By Mary Alice Murphy
The first item of New Mexico Central Arizona Project Entity business on the agenda for the regular meeting of April 6, 2021 was a motion, which was seconded and approved, to come out of the previous closed session. The motion stipulated that nothing other than the limited personnel items and pending, threatened or potential litigation was discussed, and no action was taken.
A quorum was determined. No one had public comment.
Under old business, the item to approve or disapprove changes to the Final Draft Third Amendment to the Joint Powers Agreement between the CAP Entity and the Interstate Stream Commission will continue as a tabled item from the February meeting. At that meeting, the ISC said it believed it would have draft guidelines for the NM CAP Entity to consult on local water projects by mid-to-late April.
Entity Executive Director Anthony Gutierrez noted that he put the item on the agenda in potential expectation of receiving the draft guidelines, and for perhaps a discussion on the direction of the NM CAP Entity following the passage of HB 200 at the legislative session.
"But I have not yet received the draft, so I believe the item should continue its tabled status until we have better direction," Gutierrez said.
Howard Hutchinson, representing the San Francisco Soil and Water Conservation District, said the item was not on the ISC April meeting agenda either.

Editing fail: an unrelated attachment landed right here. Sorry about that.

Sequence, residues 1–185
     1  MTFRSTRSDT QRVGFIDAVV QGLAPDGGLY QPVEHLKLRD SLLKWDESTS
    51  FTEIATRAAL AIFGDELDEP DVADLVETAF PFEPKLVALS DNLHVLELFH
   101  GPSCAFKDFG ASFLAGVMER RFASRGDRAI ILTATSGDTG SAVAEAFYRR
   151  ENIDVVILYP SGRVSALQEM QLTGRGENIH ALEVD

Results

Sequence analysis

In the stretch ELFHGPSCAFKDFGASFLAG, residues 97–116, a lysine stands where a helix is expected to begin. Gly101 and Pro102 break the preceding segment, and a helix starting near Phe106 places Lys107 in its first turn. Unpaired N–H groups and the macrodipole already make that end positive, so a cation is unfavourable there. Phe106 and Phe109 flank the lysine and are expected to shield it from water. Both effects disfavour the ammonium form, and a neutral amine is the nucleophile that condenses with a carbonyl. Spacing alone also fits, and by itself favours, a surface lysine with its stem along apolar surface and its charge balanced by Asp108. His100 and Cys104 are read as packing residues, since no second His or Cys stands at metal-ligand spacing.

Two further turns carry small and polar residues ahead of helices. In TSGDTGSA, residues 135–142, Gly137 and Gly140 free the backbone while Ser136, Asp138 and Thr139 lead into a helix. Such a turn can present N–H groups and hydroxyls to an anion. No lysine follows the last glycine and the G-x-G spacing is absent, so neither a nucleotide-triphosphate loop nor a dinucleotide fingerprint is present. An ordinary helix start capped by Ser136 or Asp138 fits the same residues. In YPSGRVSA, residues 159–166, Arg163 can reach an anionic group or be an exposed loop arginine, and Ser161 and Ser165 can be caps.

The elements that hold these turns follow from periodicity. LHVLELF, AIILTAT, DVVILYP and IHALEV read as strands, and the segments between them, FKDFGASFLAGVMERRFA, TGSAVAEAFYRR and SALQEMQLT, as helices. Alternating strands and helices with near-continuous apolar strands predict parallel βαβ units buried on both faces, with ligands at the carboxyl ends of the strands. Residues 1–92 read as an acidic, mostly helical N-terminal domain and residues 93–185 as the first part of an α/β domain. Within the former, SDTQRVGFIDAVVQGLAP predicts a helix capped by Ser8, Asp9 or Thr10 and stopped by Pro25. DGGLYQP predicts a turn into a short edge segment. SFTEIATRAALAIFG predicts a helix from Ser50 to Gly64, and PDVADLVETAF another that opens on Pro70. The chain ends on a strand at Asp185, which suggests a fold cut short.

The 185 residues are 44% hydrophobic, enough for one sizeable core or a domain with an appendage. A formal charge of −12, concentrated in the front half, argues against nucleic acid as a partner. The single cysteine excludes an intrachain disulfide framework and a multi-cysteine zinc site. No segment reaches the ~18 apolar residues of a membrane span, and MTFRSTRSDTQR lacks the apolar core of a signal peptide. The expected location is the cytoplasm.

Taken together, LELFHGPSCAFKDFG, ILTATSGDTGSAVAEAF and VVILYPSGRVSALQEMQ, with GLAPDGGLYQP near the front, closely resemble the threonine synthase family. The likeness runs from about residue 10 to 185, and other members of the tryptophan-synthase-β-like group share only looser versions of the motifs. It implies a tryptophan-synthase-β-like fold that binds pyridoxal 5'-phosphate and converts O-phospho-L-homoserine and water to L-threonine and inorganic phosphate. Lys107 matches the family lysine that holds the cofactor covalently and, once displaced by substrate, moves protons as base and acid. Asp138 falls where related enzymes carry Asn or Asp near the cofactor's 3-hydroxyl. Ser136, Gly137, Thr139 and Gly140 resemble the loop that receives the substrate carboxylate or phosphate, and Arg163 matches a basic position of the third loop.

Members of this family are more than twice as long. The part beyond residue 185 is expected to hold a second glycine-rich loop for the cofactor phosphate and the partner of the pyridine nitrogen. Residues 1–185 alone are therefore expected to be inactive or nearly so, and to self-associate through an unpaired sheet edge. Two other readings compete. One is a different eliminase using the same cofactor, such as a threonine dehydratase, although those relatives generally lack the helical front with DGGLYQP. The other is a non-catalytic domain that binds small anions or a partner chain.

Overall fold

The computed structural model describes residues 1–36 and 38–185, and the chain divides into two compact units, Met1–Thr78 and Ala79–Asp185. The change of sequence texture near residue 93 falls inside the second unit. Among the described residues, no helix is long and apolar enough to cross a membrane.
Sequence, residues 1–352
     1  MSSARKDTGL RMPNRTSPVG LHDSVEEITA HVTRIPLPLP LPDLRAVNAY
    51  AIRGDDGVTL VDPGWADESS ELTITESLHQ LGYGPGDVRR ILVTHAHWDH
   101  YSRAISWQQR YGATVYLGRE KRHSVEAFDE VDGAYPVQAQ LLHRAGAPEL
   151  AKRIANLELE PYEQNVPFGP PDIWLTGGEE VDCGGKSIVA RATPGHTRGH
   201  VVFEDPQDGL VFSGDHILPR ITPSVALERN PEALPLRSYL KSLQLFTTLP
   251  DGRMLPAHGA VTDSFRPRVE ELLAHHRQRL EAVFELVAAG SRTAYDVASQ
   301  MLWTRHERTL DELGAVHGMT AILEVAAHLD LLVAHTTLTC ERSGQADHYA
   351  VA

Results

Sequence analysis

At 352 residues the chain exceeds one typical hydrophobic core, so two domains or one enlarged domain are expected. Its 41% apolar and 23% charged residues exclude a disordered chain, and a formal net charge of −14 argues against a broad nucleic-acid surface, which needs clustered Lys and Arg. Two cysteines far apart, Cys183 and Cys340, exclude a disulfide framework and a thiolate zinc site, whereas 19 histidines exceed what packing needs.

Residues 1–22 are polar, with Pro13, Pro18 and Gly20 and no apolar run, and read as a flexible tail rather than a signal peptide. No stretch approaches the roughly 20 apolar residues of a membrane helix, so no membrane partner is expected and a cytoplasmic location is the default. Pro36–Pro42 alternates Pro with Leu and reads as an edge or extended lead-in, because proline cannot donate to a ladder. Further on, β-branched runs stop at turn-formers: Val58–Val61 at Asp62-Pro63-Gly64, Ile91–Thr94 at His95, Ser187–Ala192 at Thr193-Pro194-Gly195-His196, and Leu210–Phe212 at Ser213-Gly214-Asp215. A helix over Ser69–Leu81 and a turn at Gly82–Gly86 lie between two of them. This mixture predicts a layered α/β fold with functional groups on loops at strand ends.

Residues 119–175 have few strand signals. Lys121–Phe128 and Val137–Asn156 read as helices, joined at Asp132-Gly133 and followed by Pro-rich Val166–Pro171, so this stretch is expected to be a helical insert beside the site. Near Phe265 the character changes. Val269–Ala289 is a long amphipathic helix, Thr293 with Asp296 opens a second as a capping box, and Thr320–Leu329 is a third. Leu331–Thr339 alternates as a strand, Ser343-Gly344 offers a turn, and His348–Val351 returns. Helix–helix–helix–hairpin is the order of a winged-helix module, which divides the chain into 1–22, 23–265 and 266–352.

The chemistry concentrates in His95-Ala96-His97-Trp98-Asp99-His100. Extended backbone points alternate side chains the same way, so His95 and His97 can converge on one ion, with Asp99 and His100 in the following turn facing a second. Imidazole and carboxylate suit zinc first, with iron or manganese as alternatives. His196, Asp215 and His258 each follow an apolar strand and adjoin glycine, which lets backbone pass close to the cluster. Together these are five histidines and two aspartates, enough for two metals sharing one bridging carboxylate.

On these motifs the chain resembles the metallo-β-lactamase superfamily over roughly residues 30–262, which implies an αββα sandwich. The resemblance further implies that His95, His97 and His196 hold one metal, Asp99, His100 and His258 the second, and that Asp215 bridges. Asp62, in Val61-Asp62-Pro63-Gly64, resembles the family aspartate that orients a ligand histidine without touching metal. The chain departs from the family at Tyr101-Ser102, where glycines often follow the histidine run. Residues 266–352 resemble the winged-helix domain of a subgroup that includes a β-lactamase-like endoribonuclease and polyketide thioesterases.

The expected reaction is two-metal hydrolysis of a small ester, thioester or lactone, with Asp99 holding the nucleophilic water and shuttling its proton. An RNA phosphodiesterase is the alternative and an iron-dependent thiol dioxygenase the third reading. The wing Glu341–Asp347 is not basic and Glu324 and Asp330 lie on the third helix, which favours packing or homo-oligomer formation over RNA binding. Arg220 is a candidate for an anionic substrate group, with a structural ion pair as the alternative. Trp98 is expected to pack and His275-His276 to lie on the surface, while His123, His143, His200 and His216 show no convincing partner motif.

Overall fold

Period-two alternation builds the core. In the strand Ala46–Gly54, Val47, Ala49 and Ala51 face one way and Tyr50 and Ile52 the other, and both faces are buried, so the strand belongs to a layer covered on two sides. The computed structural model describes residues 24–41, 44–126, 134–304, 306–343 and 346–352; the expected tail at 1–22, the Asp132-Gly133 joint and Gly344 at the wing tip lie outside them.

Gutierrez said: "I feel we need to continue with the guidelines for non-diversion projects. We should continue as a consulting entity."
He said he would contact the ISC to see when the draft of the guidelines would be coming.
For the executive director report and round table discussion for entity members only, Gutierrez said he had been putting together all the files and data related to documents from the ISC and the U.S. Bureau of Reclamation "in the event a New Mexico Unit can be considered in the future. I think the repository for the files will be the city of Deming, which is our fiscal agent. The files will include information from the past five-plus years of the entity. There are also some records with Grant County from before, when the group was the Gila-San Francisco Water Commission. The files will include the minutes of the meetings, the actions taken, all the correspondence from the ISC and the Bureau of Reclamation, the AECOM final report, the draft EIS (environmental impact statement), all the documents used to draft the EIS, and the final report from Stantec, when we receive it."
Vance Lee, representing Hidalgo County, asked where the entity is with paying Stantec. Gutierrez replied that the engineering firm has not yet invoiced the entity, but it will when it sends the final report.
Allen Campbell, representing the Gila Hotsprings Irrigation Association, said he would like to add to the documents his spreadsheet study on the impacts to water yield from the Whitewater Fire. He said that he has kept up with it since the fire. "It is an extremely interesting amount of data when you compare it to water yields before the fire. I have a substantial amount of data. I think people need to understand that these enormous fires have a very large impact on water yield."
To a question about the EIS, Gutierrez said everything connected to the EIS has been finalized with the ISC and the Bureau of Reclamation. "The only thing left is the Stantec final report."
The next meeting is set tentatively for May 4, 2021, at 10 a.m. at the Grant County Administration Center, depending on the governor's orders and Grant County's policy.
The meeting adjourned.